After arriving at our hotel, we took a walk down the road (the street that our hotel was on led us right into the old center of town (Piazza della Signora). We saw some very colossal and interesting statues of men in erotic poses (not what the sculptor intended?) just outside of the palace of the Medici family--once, the most powerful ruling family in Florence and surrounding Italian city-states
. We then walked to the Arno, to take a few pictures of the river and caboom, someone (we won't say which of us), lost grip on the camera and it fell down on its lens. We spent some time looking for a store that would service our Canon--no luck. All of the cameras in Florence are more than double what they cost at home, so we decided to use our video camera, which also takes still pictures, until we could find a good buy. This evening, we decided to drown our sorrows in a few drinks back at our hotel room, and thought that a good ol'e McDonald's meal would help us cope even better. All in all, it could have been worse--we could have lost the camera (including the SD card). Then again, Paul has ensured that we have back up of all of our photos and videos, as he is now the master of computers and electronics.
The next morning, Paul booked our train tickets to our next destination and looked around once again for a few camera options--no luck. We returned to the scene of the unfortunate accident, and both felt the mild feelings of disgust from within as we approached the unfortunate site (one of us is going to kill the other right now, for the dramatics in this blog)! We walked along the river and found a little deli where we could grab a sandwich before heading to the Uffizi gallery for our 1:00pm reservation (a reservation is the only way you can avoid standing in line for three hours, and it must be made some time in advance)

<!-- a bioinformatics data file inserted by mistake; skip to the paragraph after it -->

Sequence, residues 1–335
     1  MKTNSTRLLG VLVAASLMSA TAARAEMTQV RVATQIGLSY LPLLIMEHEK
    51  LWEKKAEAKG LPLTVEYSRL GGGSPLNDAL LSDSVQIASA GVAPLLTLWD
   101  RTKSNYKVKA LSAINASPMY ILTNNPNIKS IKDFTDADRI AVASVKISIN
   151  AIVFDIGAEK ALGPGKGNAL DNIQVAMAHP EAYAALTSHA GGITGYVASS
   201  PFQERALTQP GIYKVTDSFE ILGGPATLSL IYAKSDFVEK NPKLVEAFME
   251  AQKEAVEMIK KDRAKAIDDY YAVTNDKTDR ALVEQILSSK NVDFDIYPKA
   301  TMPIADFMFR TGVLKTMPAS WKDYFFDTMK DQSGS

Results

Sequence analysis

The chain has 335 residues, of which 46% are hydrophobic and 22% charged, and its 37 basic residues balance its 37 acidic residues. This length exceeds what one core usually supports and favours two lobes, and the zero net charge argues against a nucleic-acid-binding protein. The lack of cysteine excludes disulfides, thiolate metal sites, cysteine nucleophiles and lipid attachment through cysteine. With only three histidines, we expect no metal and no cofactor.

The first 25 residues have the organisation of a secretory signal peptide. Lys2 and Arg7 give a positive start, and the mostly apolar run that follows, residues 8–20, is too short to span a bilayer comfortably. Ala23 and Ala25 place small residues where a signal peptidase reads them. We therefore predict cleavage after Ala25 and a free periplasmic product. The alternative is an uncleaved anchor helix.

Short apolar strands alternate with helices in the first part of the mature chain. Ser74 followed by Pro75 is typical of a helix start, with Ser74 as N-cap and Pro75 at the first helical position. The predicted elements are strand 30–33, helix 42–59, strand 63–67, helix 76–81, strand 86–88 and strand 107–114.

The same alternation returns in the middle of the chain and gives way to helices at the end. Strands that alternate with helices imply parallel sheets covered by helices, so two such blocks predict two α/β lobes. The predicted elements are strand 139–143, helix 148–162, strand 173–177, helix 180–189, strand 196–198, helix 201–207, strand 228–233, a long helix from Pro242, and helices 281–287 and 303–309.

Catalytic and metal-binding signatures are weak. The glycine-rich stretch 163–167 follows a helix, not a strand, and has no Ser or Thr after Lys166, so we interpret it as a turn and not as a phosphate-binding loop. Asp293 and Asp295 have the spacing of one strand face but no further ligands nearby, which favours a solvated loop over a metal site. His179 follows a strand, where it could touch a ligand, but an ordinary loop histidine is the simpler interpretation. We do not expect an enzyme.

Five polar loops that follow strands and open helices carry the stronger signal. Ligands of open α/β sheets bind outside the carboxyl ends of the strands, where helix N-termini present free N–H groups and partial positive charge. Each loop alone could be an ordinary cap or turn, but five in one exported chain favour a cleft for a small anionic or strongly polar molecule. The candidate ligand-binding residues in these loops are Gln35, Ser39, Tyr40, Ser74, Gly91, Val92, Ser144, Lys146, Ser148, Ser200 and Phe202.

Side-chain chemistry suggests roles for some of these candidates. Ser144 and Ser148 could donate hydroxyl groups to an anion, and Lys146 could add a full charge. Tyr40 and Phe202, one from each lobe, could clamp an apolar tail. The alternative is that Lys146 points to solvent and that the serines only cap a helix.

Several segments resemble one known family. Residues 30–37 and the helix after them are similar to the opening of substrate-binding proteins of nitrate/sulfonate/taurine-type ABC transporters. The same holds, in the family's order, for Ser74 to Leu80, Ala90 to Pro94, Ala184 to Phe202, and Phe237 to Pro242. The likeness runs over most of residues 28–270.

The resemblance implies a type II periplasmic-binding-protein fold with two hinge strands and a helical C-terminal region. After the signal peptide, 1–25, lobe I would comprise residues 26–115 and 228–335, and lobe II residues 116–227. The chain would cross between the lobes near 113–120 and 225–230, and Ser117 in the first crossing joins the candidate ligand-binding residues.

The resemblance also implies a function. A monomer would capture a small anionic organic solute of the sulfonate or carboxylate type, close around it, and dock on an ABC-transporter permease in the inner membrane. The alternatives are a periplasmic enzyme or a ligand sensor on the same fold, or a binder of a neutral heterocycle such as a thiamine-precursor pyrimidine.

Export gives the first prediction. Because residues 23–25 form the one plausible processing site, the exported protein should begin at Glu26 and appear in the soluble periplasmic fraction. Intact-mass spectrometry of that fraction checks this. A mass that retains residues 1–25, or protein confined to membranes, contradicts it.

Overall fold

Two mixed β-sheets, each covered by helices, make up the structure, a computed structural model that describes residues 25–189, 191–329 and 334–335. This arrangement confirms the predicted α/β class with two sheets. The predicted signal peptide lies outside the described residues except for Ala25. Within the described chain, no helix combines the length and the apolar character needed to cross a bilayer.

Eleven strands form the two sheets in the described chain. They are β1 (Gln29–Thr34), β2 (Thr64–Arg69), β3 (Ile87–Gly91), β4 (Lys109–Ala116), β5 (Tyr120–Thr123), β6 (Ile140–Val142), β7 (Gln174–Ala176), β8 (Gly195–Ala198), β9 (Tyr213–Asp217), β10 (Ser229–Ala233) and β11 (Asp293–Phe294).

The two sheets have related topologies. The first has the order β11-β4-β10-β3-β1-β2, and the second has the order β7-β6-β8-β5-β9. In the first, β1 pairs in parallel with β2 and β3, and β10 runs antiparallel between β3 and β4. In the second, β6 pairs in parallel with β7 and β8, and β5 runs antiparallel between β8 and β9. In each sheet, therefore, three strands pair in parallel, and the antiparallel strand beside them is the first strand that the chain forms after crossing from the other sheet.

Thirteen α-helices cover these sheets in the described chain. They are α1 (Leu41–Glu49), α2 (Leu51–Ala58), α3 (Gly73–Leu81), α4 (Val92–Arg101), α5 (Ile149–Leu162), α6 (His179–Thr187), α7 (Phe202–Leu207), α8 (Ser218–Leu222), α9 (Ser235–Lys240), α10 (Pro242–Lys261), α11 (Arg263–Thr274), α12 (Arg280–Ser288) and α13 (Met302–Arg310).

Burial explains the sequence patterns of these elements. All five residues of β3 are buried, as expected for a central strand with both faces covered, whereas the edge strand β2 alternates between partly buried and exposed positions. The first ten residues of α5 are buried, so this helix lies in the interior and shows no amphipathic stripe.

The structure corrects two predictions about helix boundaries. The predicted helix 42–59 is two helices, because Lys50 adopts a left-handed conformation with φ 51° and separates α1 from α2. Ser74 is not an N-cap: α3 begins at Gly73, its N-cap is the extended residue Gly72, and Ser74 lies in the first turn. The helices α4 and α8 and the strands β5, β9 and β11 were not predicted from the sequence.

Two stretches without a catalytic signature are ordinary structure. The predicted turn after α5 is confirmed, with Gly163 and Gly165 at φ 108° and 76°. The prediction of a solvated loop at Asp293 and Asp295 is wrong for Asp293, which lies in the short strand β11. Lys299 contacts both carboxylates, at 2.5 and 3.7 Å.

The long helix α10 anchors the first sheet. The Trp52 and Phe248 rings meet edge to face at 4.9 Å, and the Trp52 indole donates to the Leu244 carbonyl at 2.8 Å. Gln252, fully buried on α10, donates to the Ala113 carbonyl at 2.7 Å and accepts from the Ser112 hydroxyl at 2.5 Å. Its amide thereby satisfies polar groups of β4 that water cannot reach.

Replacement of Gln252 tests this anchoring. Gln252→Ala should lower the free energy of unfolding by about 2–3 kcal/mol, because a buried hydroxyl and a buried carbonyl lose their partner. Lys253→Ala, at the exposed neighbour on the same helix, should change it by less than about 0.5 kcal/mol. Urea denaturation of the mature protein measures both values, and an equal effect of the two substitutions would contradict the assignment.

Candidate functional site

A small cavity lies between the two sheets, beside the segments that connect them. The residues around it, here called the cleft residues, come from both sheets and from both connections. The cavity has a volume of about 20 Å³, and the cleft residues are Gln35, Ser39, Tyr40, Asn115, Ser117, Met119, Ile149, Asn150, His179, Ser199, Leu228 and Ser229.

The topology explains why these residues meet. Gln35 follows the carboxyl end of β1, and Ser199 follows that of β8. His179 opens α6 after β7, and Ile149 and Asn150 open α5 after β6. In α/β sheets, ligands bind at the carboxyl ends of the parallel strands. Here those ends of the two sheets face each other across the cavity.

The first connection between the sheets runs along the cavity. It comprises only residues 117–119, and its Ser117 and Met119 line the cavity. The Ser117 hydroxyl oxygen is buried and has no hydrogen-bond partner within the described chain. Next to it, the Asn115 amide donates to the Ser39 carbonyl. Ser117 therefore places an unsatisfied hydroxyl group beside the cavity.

. The gallery is beautiful and houses the greatest collection of Italian paintings anywhere (works by Giotto, Leonardo, Raphael, Michaelangelo). It is itself a historical relic, as we saw paintings that were moved to the Uffizi in 1672. The museum is nowhere near as big as it is great, but we still managed to spend over two hours inside. The courtyard outside the gallery is full of artists, performers, and souvenir stalls. After the gallery, we returned to our hotel to freshen up, have a few drinks, and watch Federer beat Del Potro in the semi-finals of the French Open . We then headed out for a mini-walk at night, and had Kebab platter for dinner (we missed it--we hadn't had one since Germany). Before bed, we watched a few epsiodes on the Chimp Channel, and tried to contain our laughter so as not to wake other guests in the rooms beside us. Aunt Mary, if you download "Chimp Channel" in google, Nonna will be in tears.
We are at our next destination, and shoud have a blog up shortly.
We see you, eh?
P & J
We weren't going to stop in Florence (known as Firenze, to Italians), as we thought we could get a better view of the Tuscan region going a bit further South, but we couldn't bear listening to people ask us why we didn't go when we were right there? We're pleased we stopped in. Florence has a Renaissance feel, and the best of it lies mostly on the north bank of the Arno River. All of the major historical sights are seen around the red-brick dome of the cathedral, and are all within a twenty-minute walk of the cathedral, or Ponte Vecchio (old bridge).